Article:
What is the role of activism in establishing a new social contract?

Go to the profile of Micah White
Micah White on May 13, 2019 • 3 answer
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Find out more and give your opinions on my Forum Network article, "A Full-time Occupation: Activism is Fundamental to the New Social Contract": https://www.oecd-forum.org/posts/48544-a-full-time-occupation-activism-is-fundamental-to-the-new-social-contract

Answers

I see the role of activism as an integral part of societal contracts. I foresee that activism will slowly become the way we do the modeling of societal contracts. First two considerations to set up my argument: (i) it is indeed illusory to think there was or will be one societal contract on earth, (ii) it is also illusory to think that it should be set in concrete. It has been lacking fluidity until now for communication limitations but there is no reason to maintain this lack of adaptability. Now to reach the core of the argument, what I mean is that we should move toward a world where "swarm leadership" is a way of life. See "http://thinktank2-thinktank2.blogspot.com/2012/05/" for the concept definition. In a nutshell, societies would evolve based on the participation of the many while new values are adopted and others discarded at a rhythm and in a direction that depends on each cultural society. Yes, this expands the concept of activism but I think it also brings to it a certain equilibrium (if done in transparency) that respects the local society as a whole, avoiding splits in the Gauss curve (the cause of so many sufferings such as the actual world populism).

Go to the profile of Jacques Drolet
Jacques Drolet on May 13, 2019
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The Role of activism has always been there since the beginning of human civilization, although in recent times, the strategy to push for a change seem to have changed greatly.
Typical instance, toward the end of the MDGs, the United Nations having reviewed progress realized the gaps in the MDGs, and thought to fill those gaps, and therefore decided on a more broad SDGs, though ambitious, but with very practical steps to for monitoring and accountability in achieving the SDGs.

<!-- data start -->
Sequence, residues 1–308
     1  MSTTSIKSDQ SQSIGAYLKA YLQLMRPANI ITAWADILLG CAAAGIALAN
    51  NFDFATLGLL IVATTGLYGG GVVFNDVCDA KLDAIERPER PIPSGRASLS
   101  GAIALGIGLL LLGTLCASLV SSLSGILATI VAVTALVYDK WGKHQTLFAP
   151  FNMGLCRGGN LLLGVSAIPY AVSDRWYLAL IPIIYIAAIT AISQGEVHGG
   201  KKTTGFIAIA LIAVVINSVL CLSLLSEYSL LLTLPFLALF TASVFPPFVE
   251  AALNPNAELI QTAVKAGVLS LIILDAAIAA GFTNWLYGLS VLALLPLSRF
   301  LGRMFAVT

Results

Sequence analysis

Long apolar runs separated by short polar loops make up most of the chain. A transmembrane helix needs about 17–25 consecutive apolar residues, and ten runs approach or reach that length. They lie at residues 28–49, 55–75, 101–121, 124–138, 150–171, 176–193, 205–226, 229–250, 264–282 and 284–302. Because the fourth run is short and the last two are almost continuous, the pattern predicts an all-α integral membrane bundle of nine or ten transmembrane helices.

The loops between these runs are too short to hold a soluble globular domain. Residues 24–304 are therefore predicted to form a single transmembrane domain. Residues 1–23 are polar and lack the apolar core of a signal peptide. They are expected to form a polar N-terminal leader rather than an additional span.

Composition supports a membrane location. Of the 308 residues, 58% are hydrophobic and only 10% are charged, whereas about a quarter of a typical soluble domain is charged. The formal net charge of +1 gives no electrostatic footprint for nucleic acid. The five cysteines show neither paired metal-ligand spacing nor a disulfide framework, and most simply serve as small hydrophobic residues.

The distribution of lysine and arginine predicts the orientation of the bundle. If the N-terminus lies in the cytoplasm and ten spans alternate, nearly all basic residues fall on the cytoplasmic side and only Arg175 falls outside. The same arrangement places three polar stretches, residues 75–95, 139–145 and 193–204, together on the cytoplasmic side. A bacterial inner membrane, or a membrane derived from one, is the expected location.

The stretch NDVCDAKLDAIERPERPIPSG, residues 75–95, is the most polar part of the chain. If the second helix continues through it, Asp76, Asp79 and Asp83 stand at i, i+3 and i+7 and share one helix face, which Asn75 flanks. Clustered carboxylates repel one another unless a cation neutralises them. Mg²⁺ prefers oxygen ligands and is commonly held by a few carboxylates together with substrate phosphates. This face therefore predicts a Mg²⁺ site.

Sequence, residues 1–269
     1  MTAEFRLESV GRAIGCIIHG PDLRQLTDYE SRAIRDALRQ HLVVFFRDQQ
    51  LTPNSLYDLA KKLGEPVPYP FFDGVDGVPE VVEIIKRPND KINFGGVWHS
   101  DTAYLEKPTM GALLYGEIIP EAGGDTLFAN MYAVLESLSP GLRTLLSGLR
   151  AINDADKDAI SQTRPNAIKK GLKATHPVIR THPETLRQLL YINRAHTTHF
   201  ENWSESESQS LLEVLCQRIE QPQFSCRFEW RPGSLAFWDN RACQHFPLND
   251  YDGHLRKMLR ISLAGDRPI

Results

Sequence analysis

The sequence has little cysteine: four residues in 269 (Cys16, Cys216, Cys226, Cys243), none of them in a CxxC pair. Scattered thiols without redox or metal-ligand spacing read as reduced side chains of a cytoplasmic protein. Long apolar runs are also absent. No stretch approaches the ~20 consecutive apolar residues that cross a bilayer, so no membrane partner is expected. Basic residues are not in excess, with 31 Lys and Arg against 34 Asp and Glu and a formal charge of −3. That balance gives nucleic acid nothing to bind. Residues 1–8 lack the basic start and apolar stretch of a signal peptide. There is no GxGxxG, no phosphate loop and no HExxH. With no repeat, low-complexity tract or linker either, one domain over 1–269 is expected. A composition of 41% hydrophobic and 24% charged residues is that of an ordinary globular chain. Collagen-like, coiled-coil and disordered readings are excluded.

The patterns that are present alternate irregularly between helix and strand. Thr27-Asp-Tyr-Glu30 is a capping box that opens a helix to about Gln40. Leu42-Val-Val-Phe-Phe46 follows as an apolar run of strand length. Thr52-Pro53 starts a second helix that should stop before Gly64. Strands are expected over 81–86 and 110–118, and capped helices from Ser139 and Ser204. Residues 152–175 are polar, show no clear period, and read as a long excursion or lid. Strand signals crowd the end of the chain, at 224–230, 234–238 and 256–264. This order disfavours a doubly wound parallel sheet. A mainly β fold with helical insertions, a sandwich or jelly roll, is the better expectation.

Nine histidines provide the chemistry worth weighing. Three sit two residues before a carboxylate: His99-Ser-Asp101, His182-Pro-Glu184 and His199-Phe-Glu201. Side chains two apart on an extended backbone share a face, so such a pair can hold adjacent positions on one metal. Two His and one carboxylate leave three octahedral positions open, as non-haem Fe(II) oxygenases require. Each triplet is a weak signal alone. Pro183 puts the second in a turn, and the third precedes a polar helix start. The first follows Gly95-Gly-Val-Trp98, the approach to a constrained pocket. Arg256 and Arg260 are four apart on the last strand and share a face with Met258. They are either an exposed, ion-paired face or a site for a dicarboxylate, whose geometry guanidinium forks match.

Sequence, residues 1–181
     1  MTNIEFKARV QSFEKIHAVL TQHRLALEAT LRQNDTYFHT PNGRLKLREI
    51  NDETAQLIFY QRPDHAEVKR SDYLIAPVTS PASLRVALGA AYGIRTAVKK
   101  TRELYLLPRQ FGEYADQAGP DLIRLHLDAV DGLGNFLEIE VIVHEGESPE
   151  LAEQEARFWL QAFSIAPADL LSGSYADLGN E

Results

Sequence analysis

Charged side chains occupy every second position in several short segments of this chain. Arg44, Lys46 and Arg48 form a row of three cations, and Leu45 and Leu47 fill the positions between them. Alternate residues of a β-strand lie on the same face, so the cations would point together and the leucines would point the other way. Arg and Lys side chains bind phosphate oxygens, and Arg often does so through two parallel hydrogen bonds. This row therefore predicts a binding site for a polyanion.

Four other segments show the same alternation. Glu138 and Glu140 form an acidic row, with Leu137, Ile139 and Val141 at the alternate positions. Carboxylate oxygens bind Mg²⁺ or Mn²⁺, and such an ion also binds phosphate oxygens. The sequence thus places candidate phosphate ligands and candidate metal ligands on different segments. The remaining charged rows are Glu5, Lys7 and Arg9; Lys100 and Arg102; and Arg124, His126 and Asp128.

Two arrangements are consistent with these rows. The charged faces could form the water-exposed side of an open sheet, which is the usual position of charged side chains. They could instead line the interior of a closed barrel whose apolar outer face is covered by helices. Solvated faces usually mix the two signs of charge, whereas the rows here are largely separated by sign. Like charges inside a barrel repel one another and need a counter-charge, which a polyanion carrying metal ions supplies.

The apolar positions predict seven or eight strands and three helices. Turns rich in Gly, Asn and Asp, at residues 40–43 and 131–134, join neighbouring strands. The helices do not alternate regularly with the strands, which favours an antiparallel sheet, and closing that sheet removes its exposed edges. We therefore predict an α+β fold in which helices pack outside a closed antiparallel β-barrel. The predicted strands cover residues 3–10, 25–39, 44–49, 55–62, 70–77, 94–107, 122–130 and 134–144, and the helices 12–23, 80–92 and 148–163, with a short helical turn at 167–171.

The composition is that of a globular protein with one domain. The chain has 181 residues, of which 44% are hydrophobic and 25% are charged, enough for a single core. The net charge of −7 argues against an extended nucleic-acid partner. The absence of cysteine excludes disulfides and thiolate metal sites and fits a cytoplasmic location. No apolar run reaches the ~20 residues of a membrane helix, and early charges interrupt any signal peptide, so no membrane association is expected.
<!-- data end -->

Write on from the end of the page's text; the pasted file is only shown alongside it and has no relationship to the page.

I joined the beyond2015 advocacy group, raised awareness, and transformed to together2030, till now raise awareness and develop the accountability around SDGs to ensure that targets are met, process is followed, at national and at global level.

Go to the profile of John Ede
John Ede on May 13, 2019
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For me the role of activism is problematic.
On one hand, it is vital to have engaged society, which not only care enough about something to spent their time protesting, but also meet together and make relationship with others like-minded people in the world where we desperately need them.
On the other hand, activists to often limit themselves to be protesters. They protest against globalisation, climate change, Trump, brexit, wars, but they rarely propose viable solutions. And You yourself prove the point - you were protesting globalisation in 1999 in "movement of movements", yet it took 17 years and Donald Trump to actually spark serious global discussion about pros and cons of globalisation. Simply shouting "no" to something doesn't necessary means anything.
And finally, I will wholeheartly oppose suggestions that voice of activists have anything to do with "the will of the people". The only way to find out what the will of the people is is to hold a election/referendum. Otherwise, which activist should I listen to? Those who I agree with? Those with the highest numer of likes on facebook? Or those capable of mobilizing the biggest number of people in the capital city?
In conclusion though - we need constructive activism, proposing solutions and attracting public attention on crucial social challenges. We also need responsive governments, which are not deaf to sensible proposals.

Go to the profile of Marcel Lesik
Marcel Lesik on May 13, 2019
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